Assisi column and steps  
 

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   Originally published 2-3-10
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ON TODAY'S SITE:

Emmet Fox, Book of Psalms, Abraham Heschel, John Haughey

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Dear Readers,

How we belittle God when we believe it's more important to pray for others than
for ourselves! As if everyone else needs His aid and love, but not us, because
apparently we're already self-sufficient. And yet I regularly have conversations
with people who sincerely aver, "Oh, I try to focus on praying for others." It's a
sweet but misguided effort to put others first. But because we are not God, it is
simply impossible to pray with power for anyone else until we first relinquish
our sense of self will through one-on-one communion with our King. It's akin
to that "put on your own oxygen mask first and then assist others,"
concept they talk about on airplanes.

In the same vein is the person who refuses to pray about the "small" things -
as if we're qualified to judge in which parts of our lives God wants to be involved.
Truth be told, God wants us to ask His blessing upon every single aspect of our
lives. Invite Him into your heart and allow Him to rule everything throughout
 your day, from finding the car keys to healing your heart.


- Lisa

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cathedral arch in Lucca, italy
Photo by Stephen Bowman             All rights reserved


Is it selfish to pray for yourself? Some people think that it is,
and say that you should pray only for others, but this,
of course, is a foolish idea.

You must pray for yourself constantly. How could it be other-
wise? We worship God by believing in Him, trusting Him,
and loving Him wholeheartedly--and we can attain to that
only through prayer. The sole object of our being here
is that we may grow like him--and we can do that
only through prayer.

The more we pray for ourselves the more power will
our prayers have for any other purpose whatever;
so praying for ourselves is the reverse of self-
ishness--it is truly glorifying God.



Excerpted from "Around the Year with Emmet Fox,"
HarperSanFrancisco, 1952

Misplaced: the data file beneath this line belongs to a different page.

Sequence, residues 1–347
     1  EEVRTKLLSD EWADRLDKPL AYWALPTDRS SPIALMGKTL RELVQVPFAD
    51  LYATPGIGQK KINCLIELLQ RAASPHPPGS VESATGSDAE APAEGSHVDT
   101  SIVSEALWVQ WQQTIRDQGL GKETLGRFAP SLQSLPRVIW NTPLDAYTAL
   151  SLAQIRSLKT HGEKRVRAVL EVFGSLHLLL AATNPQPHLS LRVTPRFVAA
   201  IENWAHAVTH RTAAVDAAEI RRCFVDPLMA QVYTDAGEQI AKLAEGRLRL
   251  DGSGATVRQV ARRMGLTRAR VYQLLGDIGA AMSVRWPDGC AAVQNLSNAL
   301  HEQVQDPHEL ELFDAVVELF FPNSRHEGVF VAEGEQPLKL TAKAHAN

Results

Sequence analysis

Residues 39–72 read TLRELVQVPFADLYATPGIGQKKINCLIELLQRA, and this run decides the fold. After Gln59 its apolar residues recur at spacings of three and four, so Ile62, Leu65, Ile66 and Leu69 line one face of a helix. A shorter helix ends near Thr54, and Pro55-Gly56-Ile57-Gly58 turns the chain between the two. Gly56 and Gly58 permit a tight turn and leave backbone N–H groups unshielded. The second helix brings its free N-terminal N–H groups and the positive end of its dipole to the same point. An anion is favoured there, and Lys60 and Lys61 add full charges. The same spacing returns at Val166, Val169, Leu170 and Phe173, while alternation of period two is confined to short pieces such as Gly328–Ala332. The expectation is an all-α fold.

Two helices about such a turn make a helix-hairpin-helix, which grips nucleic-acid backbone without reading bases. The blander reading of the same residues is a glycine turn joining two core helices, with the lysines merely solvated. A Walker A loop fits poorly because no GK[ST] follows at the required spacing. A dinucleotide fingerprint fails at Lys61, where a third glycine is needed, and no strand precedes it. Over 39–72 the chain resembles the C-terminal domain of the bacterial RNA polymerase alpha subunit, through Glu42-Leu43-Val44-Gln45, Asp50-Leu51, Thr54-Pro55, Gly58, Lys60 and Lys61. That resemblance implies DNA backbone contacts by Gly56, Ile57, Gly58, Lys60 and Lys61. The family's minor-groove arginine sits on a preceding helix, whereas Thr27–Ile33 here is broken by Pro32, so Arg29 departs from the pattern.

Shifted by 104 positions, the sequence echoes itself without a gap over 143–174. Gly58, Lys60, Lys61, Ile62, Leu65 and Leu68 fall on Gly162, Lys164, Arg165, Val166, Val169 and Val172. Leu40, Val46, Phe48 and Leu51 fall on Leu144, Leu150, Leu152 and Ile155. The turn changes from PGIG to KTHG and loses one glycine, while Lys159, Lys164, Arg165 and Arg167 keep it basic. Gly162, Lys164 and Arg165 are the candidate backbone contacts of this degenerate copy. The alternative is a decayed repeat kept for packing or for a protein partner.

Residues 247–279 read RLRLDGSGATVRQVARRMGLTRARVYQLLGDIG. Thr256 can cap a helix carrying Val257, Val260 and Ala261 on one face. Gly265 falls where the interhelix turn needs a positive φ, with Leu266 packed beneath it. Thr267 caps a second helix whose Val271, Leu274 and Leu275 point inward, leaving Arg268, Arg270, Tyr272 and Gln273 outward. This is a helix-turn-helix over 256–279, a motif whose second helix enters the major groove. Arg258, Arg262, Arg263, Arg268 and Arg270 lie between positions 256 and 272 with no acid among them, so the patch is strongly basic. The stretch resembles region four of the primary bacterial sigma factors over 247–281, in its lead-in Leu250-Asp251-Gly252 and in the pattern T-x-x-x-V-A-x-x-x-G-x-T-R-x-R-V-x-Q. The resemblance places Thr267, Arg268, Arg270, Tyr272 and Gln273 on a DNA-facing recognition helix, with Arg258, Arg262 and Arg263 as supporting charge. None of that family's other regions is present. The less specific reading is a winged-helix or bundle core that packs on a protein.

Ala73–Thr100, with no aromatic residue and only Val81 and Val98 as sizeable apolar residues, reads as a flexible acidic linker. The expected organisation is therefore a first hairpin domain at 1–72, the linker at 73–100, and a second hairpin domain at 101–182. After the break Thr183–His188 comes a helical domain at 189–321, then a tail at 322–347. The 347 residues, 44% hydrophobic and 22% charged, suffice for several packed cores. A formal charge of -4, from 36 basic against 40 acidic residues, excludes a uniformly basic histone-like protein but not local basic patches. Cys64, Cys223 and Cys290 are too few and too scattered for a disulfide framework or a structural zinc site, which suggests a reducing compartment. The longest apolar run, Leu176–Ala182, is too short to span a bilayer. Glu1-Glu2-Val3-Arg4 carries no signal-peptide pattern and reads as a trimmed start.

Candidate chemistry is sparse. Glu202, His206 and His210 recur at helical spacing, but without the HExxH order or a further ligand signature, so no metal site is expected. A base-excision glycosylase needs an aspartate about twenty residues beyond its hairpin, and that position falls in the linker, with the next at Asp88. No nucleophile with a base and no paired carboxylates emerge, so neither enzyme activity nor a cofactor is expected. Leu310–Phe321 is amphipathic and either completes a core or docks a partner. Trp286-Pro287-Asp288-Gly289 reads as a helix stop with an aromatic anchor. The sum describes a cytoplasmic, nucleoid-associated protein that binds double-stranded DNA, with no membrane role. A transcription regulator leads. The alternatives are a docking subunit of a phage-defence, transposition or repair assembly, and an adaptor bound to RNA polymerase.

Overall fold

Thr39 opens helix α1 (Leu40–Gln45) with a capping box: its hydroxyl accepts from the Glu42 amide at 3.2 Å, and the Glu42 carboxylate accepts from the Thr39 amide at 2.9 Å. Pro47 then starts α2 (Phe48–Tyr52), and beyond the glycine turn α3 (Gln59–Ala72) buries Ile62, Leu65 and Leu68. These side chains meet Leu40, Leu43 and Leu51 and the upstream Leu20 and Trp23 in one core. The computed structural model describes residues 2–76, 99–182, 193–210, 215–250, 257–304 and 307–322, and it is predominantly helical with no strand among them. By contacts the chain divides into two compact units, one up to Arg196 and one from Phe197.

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Hear me, Lord, and answer me,
for I am poor and oppressed.
Preserve my life, for I am loyal;
save your servant who trusts in you.
You are my God; pity me, Lord;
to you I call all the day.
Gladden the soul of your servant;
to you, Lord, I lift up my soul.
Lord, you are kind and forgiving,
most loving to all who call on you.



Psalm 86:1-5
New American Bible



door in Assisi, Italy
Photo by Lisa Bowman           All rights reserved


Prayer is an invitation to God to intervene in our lives, to let
His will prevail in our affairs; it is the opening of a window to
Him in our will, an effort to make Him the Lord of our soul.
We submit our interests to His concern, and seek
to be allied with what is ultimately right.


Excerpted from "Between God and Man,"
by Abraham J. Heschel
Free Press Paperbacks, 1997

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The more of God we know, the greater becomes our
capacity for God. We are capax infiniti, born with
a limitless capacity for the limitless God. So,
the closer we are drawn into the holiness of
God, the greater is our capacity for God.




Excerpted from "Housing Heaven's Fire,"
by John C. Haughey, S. J.
Loyola Press, 2002



The Last Word:

Father, thank You for Your promise to guide me
in all things great and small. Your eye is always
on me, keeping me from error and ensuring that
I can always find a way home to You. Amen.

From "Whispers of Encouragement,"
Barbour Publishing, Inc., 2009





 

 



 

 

 

 

 

 

 



 

 








 

 

 

 

 

 

 

 

 

 

 

 

 

 

 

 

 

 

 

 


 

 

 

 

 

 

 

 

 

 

 

 

 

 

 

 

 

 

 

 

 

 

 

 

 

 



 








 







 












































 






 





 

 




Utterly Random Bonus Quote:

One can pay back the loan of gold, but one
lies forever in debt to those who are kind.

Marcus Aurelius (121-180)
Roman emperor

 




Welcome to
The Religion Network!


I'm Lisa Bowman, editor
of The Religion Network,
a multi-faith Web site.
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